Hispanic vote migrating to GOP must terrify Dems
It's been an article of faith for Democrats that the rising share of Hispanic voters will empower Democrats to dominate future elections. Almost two decades ago, John Judis and Ruy Teixeira wrote The Emerging Democratic Majority, whose prophecy of Democrat demographic dominance driven in large part by Hispanic immigration (legal and illegal) inspired Biden's open border policy now flooding us with a tsunami-like human wave.
But the problem for the donkeys is that Hispanic voters are not reacting as predicted by those who think minority status automatically means the consciousness of being an oppressed victim in need of rescue by the statists. In 2020, Biden got 61 percent of the Hispanic vote, while Trump increased his share 8 points over 2016. That trend line of Hispanics migrating over to the GOP appears to have continued with the election last Tuesday.
In Virginia, Youngkin won an absolute majority of their votes (hat tip: Matt Vespa):
Per @FoxNews Voter Analysis, #Youngkin got 54% of #Latino vote in #VAgov election. If true, this is a major story & shows beginning of shift in the Hispanic vote towards #GOP, despite continued assurances from Dems & Latino liberal groups that Dems have hold on Hispanic vote.— Alfonso Aguilar (@amigoaguilar) November 3, 2021
The woke revolution has stalled. https://t.co/xABg1V1eqp— Mike (@Doranimated) November 3, 2021
This clip via Telemundo News demonstrates the biggest reason Dems crashed and burned (hat tip: Twitchy):
That's right: Hispanic immigrants came to this country for economic opportunity, and they and their American-born descendants see Democrat policies as truncating those opportunities.
Down in border state Texas, a runoff race for the state House of Representatives in a San Antonio district that is about 75% Hispanic saw another big GOP victory, shattering the idea that Hispanic voters "belong" to the Democrats.
The New York Times profiles another migrant to the GOP:
Growing up in a working-class neighborhood in San Antonio, Adolfo Chagoy had long supported local and national Democrats who touted job growth and infrastructure projects.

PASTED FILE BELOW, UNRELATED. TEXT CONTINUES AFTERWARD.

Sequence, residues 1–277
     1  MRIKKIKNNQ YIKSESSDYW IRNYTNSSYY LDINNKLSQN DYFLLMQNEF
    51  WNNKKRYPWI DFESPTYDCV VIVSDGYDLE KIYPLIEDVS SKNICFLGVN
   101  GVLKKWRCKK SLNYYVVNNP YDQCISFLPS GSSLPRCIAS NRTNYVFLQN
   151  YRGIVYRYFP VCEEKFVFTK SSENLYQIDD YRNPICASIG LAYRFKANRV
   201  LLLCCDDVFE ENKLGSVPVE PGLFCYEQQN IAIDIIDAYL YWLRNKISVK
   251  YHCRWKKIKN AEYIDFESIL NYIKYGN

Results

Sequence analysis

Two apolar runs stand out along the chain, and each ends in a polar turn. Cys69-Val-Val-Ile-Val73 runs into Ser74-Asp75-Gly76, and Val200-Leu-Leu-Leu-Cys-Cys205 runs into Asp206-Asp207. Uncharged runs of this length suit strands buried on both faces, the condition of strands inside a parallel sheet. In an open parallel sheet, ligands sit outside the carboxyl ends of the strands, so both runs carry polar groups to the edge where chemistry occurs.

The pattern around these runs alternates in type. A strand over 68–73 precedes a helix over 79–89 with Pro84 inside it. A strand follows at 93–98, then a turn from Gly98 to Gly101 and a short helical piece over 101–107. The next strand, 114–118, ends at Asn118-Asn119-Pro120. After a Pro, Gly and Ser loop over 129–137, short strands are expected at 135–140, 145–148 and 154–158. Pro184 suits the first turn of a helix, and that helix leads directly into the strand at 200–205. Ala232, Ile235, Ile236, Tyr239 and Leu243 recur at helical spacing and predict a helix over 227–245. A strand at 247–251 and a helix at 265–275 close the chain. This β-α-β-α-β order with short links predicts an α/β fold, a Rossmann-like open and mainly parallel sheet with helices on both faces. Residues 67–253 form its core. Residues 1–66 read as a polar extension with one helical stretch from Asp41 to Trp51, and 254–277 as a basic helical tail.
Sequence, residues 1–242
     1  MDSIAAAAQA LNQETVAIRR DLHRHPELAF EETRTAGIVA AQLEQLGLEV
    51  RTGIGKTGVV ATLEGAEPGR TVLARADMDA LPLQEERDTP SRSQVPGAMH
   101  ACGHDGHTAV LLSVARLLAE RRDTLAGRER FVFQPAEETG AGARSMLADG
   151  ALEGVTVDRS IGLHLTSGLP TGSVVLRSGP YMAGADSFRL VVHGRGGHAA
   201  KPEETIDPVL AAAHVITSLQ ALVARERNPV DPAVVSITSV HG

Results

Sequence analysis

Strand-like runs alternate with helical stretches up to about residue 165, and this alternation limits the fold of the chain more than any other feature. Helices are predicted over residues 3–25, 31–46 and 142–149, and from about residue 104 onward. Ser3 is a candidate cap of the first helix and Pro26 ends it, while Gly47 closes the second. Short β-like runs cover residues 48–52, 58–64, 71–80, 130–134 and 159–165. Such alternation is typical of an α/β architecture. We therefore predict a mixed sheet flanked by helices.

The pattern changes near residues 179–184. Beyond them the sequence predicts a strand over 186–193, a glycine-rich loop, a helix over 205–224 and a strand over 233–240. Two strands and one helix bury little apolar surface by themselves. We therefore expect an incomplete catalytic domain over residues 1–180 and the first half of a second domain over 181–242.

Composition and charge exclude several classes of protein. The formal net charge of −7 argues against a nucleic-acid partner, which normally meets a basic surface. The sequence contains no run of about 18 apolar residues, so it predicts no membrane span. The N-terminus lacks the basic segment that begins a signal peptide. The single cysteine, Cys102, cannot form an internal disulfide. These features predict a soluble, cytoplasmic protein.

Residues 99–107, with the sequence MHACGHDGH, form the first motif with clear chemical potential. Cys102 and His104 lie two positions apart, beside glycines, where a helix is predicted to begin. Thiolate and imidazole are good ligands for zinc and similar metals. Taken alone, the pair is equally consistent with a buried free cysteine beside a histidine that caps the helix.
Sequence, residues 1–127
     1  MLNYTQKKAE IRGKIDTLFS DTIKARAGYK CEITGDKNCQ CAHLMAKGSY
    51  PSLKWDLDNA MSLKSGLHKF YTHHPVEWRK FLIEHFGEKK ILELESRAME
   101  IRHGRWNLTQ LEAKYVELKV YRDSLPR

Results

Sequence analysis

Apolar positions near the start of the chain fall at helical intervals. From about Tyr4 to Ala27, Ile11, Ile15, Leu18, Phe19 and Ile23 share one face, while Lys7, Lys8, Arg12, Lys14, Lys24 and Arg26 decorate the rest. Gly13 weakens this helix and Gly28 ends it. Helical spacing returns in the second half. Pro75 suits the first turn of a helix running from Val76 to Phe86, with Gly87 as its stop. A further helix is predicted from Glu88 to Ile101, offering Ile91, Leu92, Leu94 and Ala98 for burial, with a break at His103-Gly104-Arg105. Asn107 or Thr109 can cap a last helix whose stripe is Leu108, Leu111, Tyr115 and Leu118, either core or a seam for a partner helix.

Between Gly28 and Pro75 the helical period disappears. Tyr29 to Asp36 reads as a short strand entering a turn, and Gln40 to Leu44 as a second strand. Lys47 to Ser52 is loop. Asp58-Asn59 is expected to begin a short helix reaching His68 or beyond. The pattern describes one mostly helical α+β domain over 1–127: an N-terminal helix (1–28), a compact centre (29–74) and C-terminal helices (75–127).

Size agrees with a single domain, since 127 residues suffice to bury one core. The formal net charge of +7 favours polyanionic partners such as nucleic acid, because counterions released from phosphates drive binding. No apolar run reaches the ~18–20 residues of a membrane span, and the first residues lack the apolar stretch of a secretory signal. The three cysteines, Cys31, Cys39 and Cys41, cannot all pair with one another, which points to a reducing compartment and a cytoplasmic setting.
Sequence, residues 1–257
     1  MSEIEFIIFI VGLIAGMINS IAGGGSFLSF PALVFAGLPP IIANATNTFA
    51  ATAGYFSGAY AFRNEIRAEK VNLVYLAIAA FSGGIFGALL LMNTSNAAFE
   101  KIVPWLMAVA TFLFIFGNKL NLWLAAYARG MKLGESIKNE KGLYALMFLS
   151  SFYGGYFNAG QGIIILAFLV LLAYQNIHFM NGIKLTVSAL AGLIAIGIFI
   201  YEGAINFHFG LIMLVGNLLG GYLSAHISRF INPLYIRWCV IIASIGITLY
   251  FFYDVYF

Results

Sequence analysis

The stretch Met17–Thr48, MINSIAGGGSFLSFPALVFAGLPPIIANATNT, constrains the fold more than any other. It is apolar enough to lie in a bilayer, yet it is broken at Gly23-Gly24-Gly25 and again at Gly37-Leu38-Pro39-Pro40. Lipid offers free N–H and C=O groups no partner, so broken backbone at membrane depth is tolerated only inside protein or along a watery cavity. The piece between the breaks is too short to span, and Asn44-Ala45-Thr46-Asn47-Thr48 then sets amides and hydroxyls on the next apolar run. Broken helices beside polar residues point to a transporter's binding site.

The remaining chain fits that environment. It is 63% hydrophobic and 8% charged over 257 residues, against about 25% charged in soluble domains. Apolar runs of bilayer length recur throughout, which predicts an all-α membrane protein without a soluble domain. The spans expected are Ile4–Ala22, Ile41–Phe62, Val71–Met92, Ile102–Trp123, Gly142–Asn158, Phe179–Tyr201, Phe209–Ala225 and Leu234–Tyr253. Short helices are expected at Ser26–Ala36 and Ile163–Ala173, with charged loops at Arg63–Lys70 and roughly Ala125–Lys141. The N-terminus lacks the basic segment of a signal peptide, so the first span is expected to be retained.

But last week, as he stood in line to cast a ballot in a tightly contested runoff election for a State House seat, Mr. Chagoy thought instead about the issues he had come to care about more recently, such as strengthening the border, funding police departments and banning abortion. And so he checked the box for the Republican candidate, John Lujan, who narrowly emerged the winner on Tuesday to represent the city's South Side and state's 118th District.
"The thought has always been, 'I'm poor, and if you are poor you can't be a Republican,'" said Mr. Chagoy, a 66-year-old retired cook. "I don't think you can buy values. I voted for the issues I care about, not about who's from what party."
Mr. Chagoy's vote helped flip a once reliable Democratic bastion by 286 ballots in a runoff for a special election. Four of his five children, also longtime Democrats, also switched parties, choosing not to endorse 27-year-old Frank Ramirez, a Democrat and former legislative aide.
It is hard to overstate the importance of the trend of Hispanic voters leaving Democrats for Republicans. The party leadership is in the hands of White, educated leftists, whose concerns are ideological and esoteric compared to the concerns of most Hispanics. Consider the label "Latinx," which is insisted upon by those educated leftists and rejected by an overwhelming share of Hispanics.
Hispanic voters tend to be more oriented to church, family, and traditional sex roles than the Democrats' revolutionary vanguard. Such values inspire contempt in the rarefied heights of politically correct elites.
The condescending view of Hispanics as a helpless racial minority is insulting and is being seen as such by more and more people who identify as Hispanic.
Photo credit: Twitter video screen grab.
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